“Your Wellness Achievement Plan,” he said, motioning to my welcome sheet.
The entire place was a large, clean house with two winding stairways and at least ten different bedrooms. The bedrooms all had locks and you had the key– your things were not subject to search. Mine was Room 8, which was objectively the smallest room. I was given a small basket of toiletries. There were also common areas– a kitchen, a living room, dining room, four or five bathrooms, a ‘zen’ room which somewhat functioned as a study. That room was my personal favourite.
People in Affinity House were as easy to avoid as they were to seek out. It would have been ideal if it weren’t for the lack of wifi.
In an uncharacteristic move, I was actually keeping the body’s mum informed. She was showing a good amount of worry and despite her nasty history with Arkady, she actually hadn’t started in on the ‘I told you so’ avalanche. No, she’d wait at least a few months for that.
“Yeah, I, uh… decided to stay at this mental health halfway house. Just for a while. It’s free, so…”
There was a long pause on the other end of the line. I probably could’ve sensed something interesting about to come out of Mum’s mouth. After all, the two types of mental health she thought existed were, A.) ‘Oh, that poor soul. I hope the facility will be able to take care of them for the rest of their life’ and B.) ‘Everyone does that, why do you need a word for it?’ “I guess I didn’t realise that this affected you this bad.”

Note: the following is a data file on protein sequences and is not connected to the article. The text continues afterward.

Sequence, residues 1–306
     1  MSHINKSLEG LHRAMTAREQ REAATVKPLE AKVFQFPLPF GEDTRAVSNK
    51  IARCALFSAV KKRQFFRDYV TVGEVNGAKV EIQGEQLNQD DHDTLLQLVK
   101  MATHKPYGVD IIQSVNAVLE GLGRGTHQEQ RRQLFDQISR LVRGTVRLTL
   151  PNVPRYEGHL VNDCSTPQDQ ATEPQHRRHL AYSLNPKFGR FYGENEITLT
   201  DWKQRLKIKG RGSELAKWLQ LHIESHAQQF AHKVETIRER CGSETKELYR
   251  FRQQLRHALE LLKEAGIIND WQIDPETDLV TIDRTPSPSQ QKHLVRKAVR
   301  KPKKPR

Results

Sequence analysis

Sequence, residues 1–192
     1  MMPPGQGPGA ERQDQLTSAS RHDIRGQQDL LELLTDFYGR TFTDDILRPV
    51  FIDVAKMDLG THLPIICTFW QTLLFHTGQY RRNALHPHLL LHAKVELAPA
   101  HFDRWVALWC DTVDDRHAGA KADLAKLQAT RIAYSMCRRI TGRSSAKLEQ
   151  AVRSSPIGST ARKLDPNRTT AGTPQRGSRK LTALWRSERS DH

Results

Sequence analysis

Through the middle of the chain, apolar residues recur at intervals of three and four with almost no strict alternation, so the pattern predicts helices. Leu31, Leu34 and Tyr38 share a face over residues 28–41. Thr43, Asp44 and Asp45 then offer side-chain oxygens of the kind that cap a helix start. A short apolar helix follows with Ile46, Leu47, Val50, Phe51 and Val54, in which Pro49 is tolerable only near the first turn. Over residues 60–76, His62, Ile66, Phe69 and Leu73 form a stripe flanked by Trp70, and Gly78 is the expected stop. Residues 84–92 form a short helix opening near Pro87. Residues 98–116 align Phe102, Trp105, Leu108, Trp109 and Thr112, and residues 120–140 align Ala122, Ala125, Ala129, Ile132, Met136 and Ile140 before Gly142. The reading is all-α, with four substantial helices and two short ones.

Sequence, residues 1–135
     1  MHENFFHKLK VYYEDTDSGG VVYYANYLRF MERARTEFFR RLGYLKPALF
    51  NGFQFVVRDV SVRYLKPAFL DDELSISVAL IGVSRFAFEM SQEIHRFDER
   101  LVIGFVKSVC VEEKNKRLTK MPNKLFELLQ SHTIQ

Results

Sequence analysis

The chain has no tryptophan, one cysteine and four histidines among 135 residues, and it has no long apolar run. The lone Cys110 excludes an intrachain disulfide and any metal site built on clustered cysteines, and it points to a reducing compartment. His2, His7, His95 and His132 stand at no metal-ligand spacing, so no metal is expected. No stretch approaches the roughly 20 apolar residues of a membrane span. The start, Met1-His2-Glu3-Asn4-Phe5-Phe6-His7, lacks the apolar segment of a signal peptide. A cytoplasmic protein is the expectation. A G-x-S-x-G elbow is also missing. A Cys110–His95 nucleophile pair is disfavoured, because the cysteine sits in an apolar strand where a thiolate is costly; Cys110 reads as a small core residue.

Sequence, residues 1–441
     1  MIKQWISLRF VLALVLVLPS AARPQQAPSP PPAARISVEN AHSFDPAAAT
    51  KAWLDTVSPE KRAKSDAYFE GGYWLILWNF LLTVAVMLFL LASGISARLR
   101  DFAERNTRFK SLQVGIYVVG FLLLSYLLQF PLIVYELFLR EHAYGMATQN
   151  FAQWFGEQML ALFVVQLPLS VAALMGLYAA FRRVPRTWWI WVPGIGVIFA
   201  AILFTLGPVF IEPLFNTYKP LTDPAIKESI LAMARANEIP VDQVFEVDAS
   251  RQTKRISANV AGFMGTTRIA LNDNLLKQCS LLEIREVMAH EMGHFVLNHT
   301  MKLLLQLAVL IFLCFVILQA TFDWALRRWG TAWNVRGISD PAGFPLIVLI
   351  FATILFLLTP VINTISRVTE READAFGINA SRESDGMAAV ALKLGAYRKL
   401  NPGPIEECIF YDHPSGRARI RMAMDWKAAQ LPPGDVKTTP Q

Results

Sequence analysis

“Oh. Oh, yeah. It…” Destroyed me. “It really messed me up.”
Mum sighed. “Well, I’m sorry this happened, and I know you were excited about living in that house, but when you’re four people and all you have in common is being trans and being on medicine to change your gender–”
“Mum, no.” My accent even slipped there. Whoops. “[Arkady] and I had everything in common. He’d even dated someone that was a lot like Kirra.” Mum actually did know about Kirra. I’ve told her before that Kirra had broken my ribs but Mum’s main beef with Kirra was that ‘Her hair was down to her ass!’ “We had similar childhoods, we loved the same films– he even liked Darkwing Duck, for gods’ sake. We had the same sense of humour, we had a matching petty side. Like, it was like nothing I told him ever weirded him out. We finished each other’s sentences. Like–…” Now my suffering was his favourite soap opera. How did this happen? How the fuck could this be happening?